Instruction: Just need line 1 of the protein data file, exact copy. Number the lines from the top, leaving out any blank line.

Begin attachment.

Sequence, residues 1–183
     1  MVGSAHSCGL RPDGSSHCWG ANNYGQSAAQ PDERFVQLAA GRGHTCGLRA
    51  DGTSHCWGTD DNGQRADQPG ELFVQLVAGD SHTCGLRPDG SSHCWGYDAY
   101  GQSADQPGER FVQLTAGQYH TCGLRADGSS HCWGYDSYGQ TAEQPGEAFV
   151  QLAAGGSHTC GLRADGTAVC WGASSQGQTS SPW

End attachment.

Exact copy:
Sequence, residues 1–183